Check out this bill on our friend, ‘Akiapōlā‘au
Posted by Joanna Maney on
The ‘akiapōlā‘au (ah-kee-ah-POH-LAH-ow) is an endemic honeycreeper found on the island of Hawai‘i.
- These birds have unique bills that are well suited to prying the bark off trees in search of bugs and larvae. The top mandible is long and curves down more towards the end, kind of like an elegant crowbar, while the bottom mandible is much shorter.
- Males are bright yellow to a green-tinted yellow, have longer bills, are slightly bigger than the females, and sport little black Zorro-like masks. The females are muted green with touches of yellow. Their favorite trees for foraging are ‘ōhi‘a, koa, kōlea, māmane, and naio trees.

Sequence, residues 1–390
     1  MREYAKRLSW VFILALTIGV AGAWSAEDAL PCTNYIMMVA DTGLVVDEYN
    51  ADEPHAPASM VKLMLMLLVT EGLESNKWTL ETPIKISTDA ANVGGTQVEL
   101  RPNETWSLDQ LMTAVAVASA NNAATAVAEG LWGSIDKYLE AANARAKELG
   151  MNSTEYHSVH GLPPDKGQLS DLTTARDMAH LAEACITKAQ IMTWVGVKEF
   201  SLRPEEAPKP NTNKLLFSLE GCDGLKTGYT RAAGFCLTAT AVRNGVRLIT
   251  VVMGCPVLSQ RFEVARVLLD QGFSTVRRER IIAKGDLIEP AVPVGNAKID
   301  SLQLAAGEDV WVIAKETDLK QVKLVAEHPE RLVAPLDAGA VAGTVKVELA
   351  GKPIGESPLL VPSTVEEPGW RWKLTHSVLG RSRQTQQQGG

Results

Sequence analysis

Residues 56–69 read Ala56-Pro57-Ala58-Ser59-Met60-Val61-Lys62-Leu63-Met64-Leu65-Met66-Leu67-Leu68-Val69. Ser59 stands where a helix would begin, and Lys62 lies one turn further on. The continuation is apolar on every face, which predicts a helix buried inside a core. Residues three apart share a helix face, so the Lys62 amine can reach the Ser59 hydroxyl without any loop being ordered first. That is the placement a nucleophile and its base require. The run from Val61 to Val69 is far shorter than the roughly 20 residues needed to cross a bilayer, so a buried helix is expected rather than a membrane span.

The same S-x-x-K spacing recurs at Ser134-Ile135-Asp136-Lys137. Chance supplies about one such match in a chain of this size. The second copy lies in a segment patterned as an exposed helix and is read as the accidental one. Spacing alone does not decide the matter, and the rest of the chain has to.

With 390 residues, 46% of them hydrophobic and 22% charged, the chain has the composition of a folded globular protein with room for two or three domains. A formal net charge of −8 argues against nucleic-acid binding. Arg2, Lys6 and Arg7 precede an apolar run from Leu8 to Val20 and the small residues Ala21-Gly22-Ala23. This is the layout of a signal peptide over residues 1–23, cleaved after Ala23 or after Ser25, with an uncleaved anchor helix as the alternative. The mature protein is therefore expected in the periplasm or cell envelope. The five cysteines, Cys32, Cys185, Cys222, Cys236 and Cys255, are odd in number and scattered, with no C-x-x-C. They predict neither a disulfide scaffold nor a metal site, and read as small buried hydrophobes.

- They do a series of little taps along the lichen covered branches and once an insect is located they use their lower bill to chisel a hole through the bark and their upper bill to pry out the target.
- They usually nest on ‘ōhi‘a branches and raise one fledgling a year. The juveniles stay around the parents in family groups for 4-5 months.
- You’re only likely to see them on reforested, protected lands at elevations above 1,350 meters (4,500 feet) because they are susceptible to avian malaria spread by invasive mosquito populations and these lovely little birds are currently listed as Endangered. For more information on the good things in the works to manage these aggressive and deadly mosquitoes populations, visit BirdsNotMosquitoes.org